If you’re a recent grad and still looking for work, you may have come to the sobering realization that the rules have changed. In today’s tough job market, you have to pull out all the stops. And that means avoiding things that can sabotage your job search. So how are you torpedoing your hunt for work?
Failure to exploit a referral. You may have heard that one of the most effective ways to land a job is through an employee referral. Big companies like Ernst & Young increasingly use internal staff to find new hires. In fact, employee recommendations now account for 45 percent of non-entry-level placements at the firm. But these days, it takes more than just hearing about a job through a friend who works at the company you’re eager to work for. You need to fully leverage the referral by dropping his or her name during your interview. You should also encourage your friend to shepherd your resume to the hiring manager and, in some cases, endorse you via an email or phone call. Don’t have a friend at the company? Make one. Attend a seminar, conference or open presentation and schmooze. And don’t just hand out your business card. Build a strong professional relationship with the person.
Failure to analyze the job posting. Many job applicants jump the gun when they read a job posting. A new study by TheLadders revealed that most job applicants spend less than 60 seconds going over a job posting. So don’t be so quick to respond. Read the job posting carefully. “Google” the company to see who they are, what they make or the service they provide. Get a feel for their corporate culture. Do the due diligence to determine if they’re a good fit for you.
Failure to go beyond job postings. Most good jobs, as you’ve heard countless times before, aren’t advertised. So why are you still poring over ads posted in newspapers and online sites? Strategy consultant Dorie Clark believes the people with the most interesting careers literally invented their jobs. In her new book, Reinventing You: Define Your Brand, Imagine Your Future, Clark underscores the importance of re-inventing yourself to ensure that others recognize the contributions you can make. She adds that job seekers need to take charge of their professional careers by building a personal brand, one that reflects what they have to offer an employer. That means writing professional articles, giving presentations at conferences and seminars—whatever it takes to get a professional audience to connect you with an achiever and “comer” in the field.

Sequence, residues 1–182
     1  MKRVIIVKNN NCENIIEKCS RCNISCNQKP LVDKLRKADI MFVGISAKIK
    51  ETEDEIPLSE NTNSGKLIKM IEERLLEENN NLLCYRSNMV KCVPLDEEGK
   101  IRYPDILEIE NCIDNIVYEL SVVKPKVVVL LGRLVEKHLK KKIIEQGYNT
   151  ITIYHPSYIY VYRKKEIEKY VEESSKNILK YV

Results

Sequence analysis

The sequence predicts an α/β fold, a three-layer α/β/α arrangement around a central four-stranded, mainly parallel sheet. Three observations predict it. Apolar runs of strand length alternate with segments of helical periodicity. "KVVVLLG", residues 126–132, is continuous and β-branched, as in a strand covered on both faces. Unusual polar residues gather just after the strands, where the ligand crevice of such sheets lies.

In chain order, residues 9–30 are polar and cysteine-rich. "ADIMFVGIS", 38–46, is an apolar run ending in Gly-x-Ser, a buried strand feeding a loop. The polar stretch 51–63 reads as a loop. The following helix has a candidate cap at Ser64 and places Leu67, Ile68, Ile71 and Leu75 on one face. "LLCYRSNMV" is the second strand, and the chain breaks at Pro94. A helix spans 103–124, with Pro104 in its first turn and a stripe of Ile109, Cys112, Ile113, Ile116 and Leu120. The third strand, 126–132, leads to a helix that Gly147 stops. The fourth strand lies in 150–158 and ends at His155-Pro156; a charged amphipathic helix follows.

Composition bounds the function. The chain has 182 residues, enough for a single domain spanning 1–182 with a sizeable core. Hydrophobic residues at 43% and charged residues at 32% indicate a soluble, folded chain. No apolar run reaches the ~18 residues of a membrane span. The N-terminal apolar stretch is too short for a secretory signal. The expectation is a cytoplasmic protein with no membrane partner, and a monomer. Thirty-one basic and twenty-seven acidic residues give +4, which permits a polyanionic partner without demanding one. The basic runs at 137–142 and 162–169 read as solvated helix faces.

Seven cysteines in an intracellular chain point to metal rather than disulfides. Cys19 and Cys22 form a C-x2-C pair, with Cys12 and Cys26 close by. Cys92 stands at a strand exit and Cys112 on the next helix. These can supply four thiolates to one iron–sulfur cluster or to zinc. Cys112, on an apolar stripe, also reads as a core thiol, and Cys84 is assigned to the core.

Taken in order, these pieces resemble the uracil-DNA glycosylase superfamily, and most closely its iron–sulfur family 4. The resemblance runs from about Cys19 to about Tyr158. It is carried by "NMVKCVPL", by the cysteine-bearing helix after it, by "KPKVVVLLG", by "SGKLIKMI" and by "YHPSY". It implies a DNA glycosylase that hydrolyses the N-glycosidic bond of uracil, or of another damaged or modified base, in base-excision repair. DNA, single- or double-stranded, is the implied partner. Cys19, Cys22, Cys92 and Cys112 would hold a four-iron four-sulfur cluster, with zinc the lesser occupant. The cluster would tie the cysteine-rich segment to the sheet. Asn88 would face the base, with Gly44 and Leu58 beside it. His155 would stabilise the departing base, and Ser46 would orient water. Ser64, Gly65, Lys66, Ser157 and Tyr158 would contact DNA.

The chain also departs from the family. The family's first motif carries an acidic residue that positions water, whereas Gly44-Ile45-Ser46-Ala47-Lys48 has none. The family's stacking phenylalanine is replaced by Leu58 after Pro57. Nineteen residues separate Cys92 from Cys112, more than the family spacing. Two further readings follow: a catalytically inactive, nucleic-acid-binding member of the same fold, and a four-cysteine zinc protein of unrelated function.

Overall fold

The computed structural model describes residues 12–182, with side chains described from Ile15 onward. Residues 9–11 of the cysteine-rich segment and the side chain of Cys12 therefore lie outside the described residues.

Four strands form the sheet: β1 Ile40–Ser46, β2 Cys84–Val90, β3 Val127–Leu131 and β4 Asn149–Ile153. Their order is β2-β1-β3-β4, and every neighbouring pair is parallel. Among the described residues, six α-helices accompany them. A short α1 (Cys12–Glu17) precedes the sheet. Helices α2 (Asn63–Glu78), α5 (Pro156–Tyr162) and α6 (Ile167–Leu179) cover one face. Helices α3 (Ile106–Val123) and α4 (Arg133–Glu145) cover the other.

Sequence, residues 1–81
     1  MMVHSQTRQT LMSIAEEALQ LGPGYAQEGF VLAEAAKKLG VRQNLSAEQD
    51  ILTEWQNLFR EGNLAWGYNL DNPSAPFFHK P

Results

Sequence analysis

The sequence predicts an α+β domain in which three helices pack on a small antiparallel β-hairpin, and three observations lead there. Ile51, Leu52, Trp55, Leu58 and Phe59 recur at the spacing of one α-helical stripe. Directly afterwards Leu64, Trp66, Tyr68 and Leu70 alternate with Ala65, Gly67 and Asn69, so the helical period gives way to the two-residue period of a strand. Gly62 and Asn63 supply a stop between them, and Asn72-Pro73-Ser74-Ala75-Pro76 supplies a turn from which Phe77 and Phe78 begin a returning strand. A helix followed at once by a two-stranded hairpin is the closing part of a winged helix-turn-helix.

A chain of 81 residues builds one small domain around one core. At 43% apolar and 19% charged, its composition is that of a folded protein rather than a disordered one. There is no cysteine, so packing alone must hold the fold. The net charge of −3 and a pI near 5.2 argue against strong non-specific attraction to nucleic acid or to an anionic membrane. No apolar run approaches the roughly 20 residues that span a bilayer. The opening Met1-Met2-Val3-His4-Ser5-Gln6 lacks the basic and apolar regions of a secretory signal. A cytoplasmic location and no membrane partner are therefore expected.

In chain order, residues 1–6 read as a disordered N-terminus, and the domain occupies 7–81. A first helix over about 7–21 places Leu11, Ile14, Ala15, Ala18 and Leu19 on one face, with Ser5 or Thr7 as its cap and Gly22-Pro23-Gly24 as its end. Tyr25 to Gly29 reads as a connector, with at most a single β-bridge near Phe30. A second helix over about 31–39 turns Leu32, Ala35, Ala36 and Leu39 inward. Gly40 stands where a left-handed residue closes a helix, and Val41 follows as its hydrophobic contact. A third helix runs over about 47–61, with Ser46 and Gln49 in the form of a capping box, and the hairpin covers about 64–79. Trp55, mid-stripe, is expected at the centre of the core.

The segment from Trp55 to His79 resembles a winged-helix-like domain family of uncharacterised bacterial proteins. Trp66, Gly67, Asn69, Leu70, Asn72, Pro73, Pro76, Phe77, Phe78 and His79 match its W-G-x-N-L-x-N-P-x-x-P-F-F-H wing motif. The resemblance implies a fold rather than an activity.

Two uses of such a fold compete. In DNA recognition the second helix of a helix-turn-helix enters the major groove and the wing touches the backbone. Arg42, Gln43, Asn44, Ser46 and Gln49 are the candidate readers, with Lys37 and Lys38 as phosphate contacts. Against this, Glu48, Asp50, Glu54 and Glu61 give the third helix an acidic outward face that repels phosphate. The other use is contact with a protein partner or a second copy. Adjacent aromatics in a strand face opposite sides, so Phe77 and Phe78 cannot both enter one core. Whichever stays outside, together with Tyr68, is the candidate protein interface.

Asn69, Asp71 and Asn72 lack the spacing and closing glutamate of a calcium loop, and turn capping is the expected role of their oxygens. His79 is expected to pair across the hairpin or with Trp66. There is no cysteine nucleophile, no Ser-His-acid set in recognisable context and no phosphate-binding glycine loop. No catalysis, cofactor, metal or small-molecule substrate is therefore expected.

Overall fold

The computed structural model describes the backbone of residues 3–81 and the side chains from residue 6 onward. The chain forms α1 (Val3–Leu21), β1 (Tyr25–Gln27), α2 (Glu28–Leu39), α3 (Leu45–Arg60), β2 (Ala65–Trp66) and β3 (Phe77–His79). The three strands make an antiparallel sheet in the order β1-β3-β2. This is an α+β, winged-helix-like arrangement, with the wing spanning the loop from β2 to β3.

Failure to “get real” about salary. Many job postings and salary guidelines sites will list the top salaries for a job. This is done to attract readership and get a large pool of applicants. Many job applicants ask for these “top” salaries and immediately take themselves off the short list of candidates. The key is not to be too eager or too early when it comes to salary. The ideal time for talking salary is when you’re “the last man standing” and you get the job offer, advises Dr. Randall S. Hansen, founder of Quintessential Careers. And don’t focus on what you feel you need or deserve; instead, focus on your value and the value you bring to the prospective employer, adds Hansen.
Eager to get that primo job? Stop torpedoing your chances and get to work.
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